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Wednesday, June 18, 2008

Players don't do what they're told...

I've been doing a lot of thinking about "game design theories" and about how most of them are pretty easy to put into clever little parables and presentations, but can seem totally useless when you actually need to develop them. (Paul is responsible for this. He gave me this huge document he wrote and then went out of town so we couldn't talk about it.)

I think about things like this because I'm a producer and not a designer anymore, and because we're in severe crunch time right now and I'm at work the majority of every day and night.

But I also think about things like this because it seems like, with any game where you give players flexibility and freedom (which is great!), you lose control over what they're actually going to do/like in your game (which is also great! but sometimes feels like poopoo).

This is how I feel about the Tome of Knowledge, where we're trying to make this open ended experience, and I know two weeks into it that players are going to find some crazy new thing to do with it that I didn't think of, which is exciting but also makes the control freak in me a little sad.

This also makes me wonder how Will Wright feels about the Spore Penis Phenomenon. Give em an inch, right Will? (Pun intended...)


jeff said...

Work, work, work. What about the important stuff? Don't tell me that I played/finished MGS4 before you did. I'll actually feel sort of bad if that's the case.

Shoot, I already feel weird enough for liking it as much as I did...

Carrie said...

I'm in Act 3!

Don't worry, I'll never let you live this down: Jeff "MGS Fanboi" G.

Casey "Rev/Mopar" Cannon said...

"Poopoo"? I see, keeping it PG(or E10+ if that sounds more appropriate), here, here.

Ahem, on the topic at hand, I have no words of wisdom of my own, so I'll quote the wise. Probably not a wise or helpful quotation, but on with it.

"To string incongruities and absurdities together in a wandering and sometimes purposeless way, and seem innocently unaware that they are absurdities, is the basis of the American art, if my position is correct."

Anonymous said...

Don't work yourself to death now. While crunch time is always busy, I'd rather see the developer take a little more time to finish the game, rather than rush it out. I've always said that, and I stand by it.

BTW, I still haven't finished MGS either. Damn work/school/busy life...

Bill said...

Good topic, I know for myself I find games to be the most interesting form of mass entertainment right now because of this tension.

It seems like the inherent complexity of games coupled with the interactivity allows for emergent behavior.

That interplay is kind of obvious, but I think that there is a gradual realization that the ludology / narrative interactions of these works is creating a cohesive, newer experience that you really only find in games.

I think that your Tome work is a great example of this interplay, and will add an interesting dimension to the game. You're previously highlighted experience with Passage is another great example of narrative/gameplay mixture (although somewhat limited in scope, so it has less emergent elements.)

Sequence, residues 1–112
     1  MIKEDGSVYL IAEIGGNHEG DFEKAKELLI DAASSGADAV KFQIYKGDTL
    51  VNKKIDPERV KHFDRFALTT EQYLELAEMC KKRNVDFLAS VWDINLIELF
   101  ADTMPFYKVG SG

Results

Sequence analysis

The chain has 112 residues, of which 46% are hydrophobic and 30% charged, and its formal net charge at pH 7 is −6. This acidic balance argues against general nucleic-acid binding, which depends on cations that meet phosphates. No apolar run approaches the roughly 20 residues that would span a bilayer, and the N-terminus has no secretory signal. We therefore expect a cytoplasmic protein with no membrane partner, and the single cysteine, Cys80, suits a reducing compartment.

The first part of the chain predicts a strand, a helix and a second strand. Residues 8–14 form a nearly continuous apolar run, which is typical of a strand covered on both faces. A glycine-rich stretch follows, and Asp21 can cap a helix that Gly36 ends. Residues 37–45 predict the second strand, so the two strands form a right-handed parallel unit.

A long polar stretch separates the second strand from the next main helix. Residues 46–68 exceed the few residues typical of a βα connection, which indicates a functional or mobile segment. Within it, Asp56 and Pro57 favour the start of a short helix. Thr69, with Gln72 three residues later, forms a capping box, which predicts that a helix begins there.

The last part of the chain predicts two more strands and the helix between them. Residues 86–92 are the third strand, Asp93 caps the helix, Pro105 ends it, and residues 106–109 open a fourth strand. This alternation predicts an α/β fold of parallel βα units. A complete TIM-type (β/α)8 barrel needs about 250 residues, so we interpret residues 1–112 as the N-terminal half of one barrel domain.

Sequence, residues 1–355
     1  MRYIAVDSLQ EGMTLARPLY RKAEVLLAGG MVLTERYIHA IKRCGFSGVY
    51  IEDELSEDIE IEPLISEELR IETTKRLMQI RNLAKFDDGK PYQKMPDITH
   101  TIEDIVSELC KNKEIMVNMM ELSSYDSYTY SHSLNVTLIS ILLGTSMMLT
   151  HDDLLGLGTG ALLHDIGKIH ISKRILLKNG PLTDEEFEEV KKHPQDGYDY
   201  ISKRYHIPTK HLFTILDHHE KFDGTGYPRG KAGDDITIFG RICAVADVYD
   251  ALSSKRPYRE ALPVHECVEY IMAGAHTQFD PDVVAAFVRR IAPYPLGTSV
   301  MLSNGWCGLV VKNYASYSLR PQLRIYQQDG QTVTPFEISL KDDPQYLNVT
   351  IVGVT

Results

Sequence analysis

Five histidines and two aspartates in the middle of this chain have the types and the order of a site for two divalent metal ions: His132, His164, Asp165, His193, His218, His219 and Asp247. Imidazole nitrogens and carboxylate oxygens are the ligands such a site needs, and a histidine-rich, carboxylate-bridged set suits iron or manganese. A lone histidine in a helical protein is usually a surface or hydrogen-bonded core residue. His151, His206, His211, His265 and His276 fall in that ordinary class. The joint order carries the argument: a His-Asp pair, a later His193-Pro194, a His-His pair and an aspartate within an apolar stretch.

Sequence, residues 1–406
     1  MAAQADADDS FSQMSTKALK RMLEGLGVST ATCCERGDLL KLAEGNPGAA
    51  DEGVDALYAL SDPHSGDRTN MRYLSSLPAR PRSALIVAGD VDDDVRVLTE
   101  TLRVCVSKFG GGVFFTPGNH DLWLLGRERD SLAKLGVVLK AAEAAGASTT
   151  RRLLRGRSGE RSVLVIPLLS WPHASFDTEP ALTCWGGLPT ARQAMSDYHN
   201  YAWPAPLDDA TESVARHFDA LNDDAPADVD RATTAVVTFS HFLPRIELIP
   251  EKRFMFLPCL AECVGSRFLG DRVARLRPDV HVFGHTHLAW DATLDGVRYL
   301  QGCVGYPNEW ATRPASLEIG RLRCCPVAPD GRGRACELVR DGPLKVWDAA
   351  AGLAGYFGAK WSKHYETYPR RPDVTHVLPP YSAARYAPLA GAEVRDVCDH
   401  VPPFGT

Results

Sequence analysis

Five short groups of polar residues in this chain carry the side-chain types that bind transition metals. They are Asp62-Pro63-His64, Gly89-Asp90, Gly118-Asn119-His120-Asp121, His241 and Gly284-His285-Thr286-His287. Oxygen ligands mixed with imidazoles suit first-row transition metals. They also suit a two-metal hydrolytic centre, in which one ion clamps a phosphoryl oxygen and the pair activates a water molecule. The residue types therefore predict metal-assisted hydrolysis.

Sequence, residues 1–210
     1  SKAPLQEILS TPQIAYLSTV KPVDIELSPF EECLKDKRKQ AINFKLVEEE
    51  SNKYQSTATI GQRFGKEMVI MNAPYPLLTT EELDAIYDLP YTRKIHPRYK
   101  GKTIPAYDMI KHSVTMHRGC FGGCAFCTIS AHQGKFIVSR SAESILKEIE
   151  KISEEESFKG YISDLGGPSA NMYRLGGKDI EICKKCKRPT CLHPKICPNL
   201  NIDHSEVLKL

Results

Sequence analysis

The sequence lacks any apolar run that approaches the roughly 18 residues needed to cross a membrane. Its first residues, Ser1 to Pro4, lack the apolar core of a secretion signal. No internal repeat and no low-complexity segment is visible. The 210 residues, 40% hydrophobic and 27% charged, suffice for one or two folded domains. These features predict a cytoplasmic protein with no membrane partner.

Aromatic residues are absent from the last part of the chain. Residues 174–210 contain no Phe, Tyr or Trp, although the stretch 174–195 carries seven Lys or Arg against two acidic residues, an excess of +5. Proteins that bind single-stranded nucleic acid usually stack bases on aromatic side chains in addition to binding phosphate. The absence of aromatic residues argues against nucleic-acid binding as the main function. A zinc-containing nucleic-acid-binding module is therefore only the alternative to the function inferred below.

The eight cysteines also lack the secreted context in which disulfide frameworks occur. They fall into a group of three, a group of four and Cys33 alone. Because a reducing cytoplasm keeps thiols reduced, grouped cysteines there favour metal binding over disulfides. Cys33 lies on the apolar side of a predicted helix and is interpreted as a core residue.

I also found it in an interesting balance in the game Pathologic, which is at once a brilliant and a maddeningly broken game. Still it's worth checking out, or at least reading about, if you're interested in how games work and how a game can create a unique experience.

Oh, and nice new site. I don't think we've talked since about two sites of yours ago at the Isle (this is Abaddon:P)

Milkman519 said...

LOL @ Spore penises. Now, get back to work. *cracks whip*

BTW, I don't even have MGS 4 yet...*sob sob*

HektikLyfe said...

GTAIV is the perfect example. In the final mission, or any mission for that matter, if you don't complete it like the developers want you to, you fail.

I'm sure you've already passed it and know what I am talking about since you did pass the Ninja Gaiden Hurricane Pack...

If you go around the building from the right side you lose the guy even though you are heading in the same direction.

I think it is more noticeable on supposedly "sandbox" type games. Its like false advertising.

But games like Ninja Gaiden and God of War or even COD4, I don't mind that much.

Its like an interactive (shoot me) movie experience the way they SHOULD be.

Anonymous said...

This seems to be usual when something within a game is innovative, like the tomb of knowledge will be for MMO's.

Maybe it's the small price to pay for something that may make WAR a top MMO?

Dante Kleinberg said...

I prefer when games go ahead and push me down the action and excitement tunnel like COD4 and God of War. When my world is too open-ended, I always worry that I'm missing out on something good. I don't even like branching paths because I want to feel like I'm getting all the enjoyment I'm supposed to get in one playthrough.

Of course, for MMOs it's a bit different, but my personal preference in most cases is to experience the designer's intention as opposed to just wandering around and "having fun" on my own.

Paul said...

How do you feel about the whole "We won't beat WoW" statement? I feel like there's no way you will surpass WoW in numbers, but it's very possible you will in quality... Did this really effect you?